Literally every book on TIDAL WAVE claims B-24D-30-CO 42-10127, a verified Ploesti participant, was named either “Thar She Blows” or Thar She Blows (Again).
The confusion comes initially from the 93rd Bomb Group’s 1 July 1943 letter listing the nicknames for all 93rd ships in the desert, which states 42-40127 was named “Thar She Blows.” Further confusion has arisen since it’s conclusively documented that Capt Chuck Merrill flew 42-40127 to Ploesti, and he’d previously flown a ship named “Thar She Blows.” Official letter and all that, right?
But the name is not correct, and here’s why. The actual proof is immutable, but there are still some open questions at the bottom of this article.
The Documented Facts
42-40127 is clearly identified as “Thar She Blows” in the 93rd’s 1 July 1943 letter.
She is clearly identified by her full serial number in numerous 93rd and 201st Combat Wing documents as a ship that flew the TIDAL WAVE mission with Capt Merrill as her pilot. 127 returned from Ploesti and eventually became the 458th Bomb Group’s “assembly ship,” nicknamed the First Sergeant and painted white with large blue and red polka dots,.
127’s post-TIDAL WAVE history is not in my area of concentration, but identifying the correct nickname at the time of TW is. I’m so busy with other important aspects of the TW mission that I didn’t intend to get drawn into a protracted discussion about one particular airplane that everybody thought was fully identified.
I initially assumed the 93rd’s letter was accurate and her name was “Thar She Blows.” However, my good friend Andy Gaster pointed out that 127 was variously identified as either “Thar She Blows” or Thar She Blows (Again). Since my photos of both sets of nose art confirm they were different ships, I needed to confirm which was correct, still assuming it was one or the other.
Knowing 127 ended up in the 458th Bomb Group, I recently had an interesting exchange about 42-40127 with Darrin Scorza, the HMFIC at www.458BG.com. I wondered whether he had documentation of the ship’s nickname prior to her assignment to the 458th.
He does not, but had been told the previous name in the 93rd was either Thar She Blows (Again) or Bucket of Bolts (which was a new nickname to me). According to information provided to Darrin by Pat Schenk in 2006, “Thar She Blows” was Chuck Merrill’s first B-24, serialed 41-23658. He believed that 42-40127 was Thar She Blows (Again) when Merrill flew the ship to Ploesti.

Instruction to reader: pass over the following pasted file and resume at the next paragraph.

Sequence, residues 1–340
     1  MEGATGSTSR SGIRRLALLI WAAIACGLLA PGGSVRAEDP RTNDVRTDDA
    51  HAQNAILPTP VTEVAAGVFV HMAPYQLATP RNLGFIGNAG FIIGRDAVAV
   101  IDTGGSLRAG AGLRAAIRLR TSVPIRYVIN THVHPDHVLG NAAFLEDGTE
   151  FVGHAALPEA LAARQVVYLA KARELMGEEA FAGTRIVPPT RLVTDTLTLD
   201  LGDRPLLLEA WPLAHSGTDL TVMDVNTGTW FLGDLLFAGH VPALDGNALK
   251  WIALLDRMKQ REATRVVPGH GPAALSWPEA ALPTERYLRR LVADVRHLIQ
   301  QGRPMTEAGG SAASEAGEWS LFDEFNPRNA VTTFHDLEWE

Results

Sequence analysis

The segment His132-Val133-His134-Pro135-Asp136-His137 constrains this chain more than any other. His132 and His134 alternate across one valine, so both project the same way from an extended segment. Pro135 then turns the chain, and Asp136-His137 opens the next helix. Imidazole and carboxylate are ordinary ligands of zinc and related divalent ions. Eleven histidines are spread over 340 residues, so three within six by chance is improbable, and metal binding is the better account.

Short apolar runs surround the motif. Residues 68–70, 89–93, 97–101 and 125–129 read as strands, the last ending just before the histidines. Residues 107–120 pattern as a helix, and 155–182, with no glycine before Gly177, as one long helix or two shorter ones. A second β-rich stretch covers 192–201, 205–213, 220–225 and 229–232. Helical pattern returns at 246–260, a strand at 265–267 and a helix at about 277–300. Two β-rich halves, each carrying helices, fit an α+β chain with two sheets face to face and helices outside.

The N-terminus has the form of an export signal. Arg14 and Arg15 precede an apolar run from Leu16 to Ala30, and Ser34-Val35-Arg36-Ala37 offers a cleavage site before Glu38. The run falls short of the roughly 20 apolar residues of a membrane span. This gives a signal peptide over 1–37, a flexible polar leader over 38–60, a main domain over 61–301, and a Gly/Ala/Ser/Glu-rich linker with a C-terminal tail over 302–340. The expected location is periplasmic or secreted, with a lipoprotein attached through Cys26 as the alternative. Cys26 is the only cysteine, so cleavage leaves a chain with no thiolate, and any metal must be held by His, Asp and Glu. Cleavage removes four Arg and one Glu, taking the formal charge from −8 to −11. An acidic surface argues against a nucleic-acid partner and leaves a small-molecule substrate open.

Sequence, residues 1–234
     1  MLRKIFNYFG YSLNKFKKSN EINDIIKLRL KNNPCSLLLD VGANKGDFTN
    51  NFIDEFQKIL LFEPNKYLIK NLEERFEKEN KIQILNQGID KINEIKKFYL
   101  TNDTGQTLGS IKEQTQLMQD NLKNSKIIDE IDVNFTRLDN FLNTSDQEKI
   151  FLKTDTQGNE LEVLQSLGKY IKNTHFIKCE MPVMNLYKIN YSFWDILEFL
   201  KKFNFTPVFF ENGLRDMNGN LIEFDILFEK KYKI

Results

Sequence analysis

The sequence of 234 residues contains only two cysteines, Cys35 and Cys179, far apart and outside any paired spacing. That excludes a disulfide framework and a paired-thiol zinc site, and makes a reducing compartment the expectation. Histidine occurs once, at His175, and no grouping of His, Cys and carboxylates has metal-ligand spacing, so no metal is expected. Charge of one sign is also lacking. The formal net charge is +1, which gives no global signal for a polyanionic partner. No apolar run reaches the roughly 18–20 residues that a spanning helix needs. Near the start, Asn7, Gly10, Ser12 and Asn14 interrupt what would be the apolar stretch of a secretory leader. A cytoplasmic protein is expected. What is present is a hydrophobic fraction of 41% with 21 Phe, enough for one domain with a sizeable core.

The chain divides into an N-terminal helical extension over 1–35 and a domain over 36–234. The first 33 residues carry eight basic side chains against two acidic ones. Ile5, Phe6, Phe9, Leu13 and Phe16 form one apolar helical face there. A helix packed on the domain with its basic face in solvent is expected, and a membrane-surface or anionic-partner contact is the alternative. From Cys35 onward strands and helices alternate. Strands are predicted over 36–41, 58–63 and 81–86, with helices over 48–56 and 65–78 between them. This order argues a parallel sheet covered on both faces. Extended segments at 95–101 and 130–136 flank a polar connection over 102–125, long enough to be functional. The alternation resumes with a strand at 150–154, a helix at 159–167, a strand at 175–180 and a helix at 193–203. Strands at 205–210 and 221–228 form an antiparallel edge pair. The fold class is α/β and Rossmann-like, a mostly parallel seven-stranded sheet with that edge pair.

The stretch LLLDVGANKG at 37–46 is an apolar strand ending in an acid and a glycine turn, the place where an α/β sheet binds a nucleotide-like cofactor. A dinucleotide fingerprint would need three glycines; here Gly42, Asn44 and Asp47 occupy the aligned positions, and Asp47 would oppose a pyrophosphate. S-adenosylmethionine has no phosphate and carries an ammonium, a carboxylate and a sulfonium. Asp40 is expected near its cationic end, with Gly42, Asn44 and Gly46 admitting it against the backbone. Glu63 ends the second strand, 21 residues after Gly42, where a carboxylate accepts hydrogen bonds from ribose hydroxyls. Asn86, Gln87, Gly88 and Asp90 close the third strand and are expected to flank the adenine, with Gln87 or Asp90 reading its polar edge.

However, Tom Brittain chimed in with the assertion that 127 was named Bucket of Bolts in 93rd service, although not necessarily assigned to Capt Merrill.
Who? What? When? Where? Huh?
Darrell went on to point out a very interesting issue. Comparing the well known photo of First Sergeant:
- “The gun port housing on TSBA is larger than the one on First Sergeant.
- The gun port window on TSBA is rounded on the bottom rear, where the window on FS appears to be square.
- Also, the side (navigator’s window) on TSBA appears to have armor plating where the one on FS does not. That could have been removed to save weight I guess.”
Damn. Now he got me back into my old “Cutting Edge Modelworks/PYN-ups Decals” mindset and I couldn’t rest until I tracked this SOB down.
Back To Facts . . . Proof 127 was NOT “Thar She Blows” OR Thar She Blows (Again)
42-40127 was a B-24D-30-CO, a Consolidated-built ship in the 42-40058 to 42-40137 range (Block 35 started at 42-40138). Aside from mods that may have been made a various mod centers, we need to stay within the same block as much as possible when doing photo comparisons.
Both 42-40126 and 42-40130 were assigned to the 44th BG (neither a Ploesti veteran) and I have several excellent photos of each. Unfortunately not one of them shows the left side nav window/.50 mount. Damn. Luckily many photos are available of other ships in the Block 30 serial series, so we can pin this down.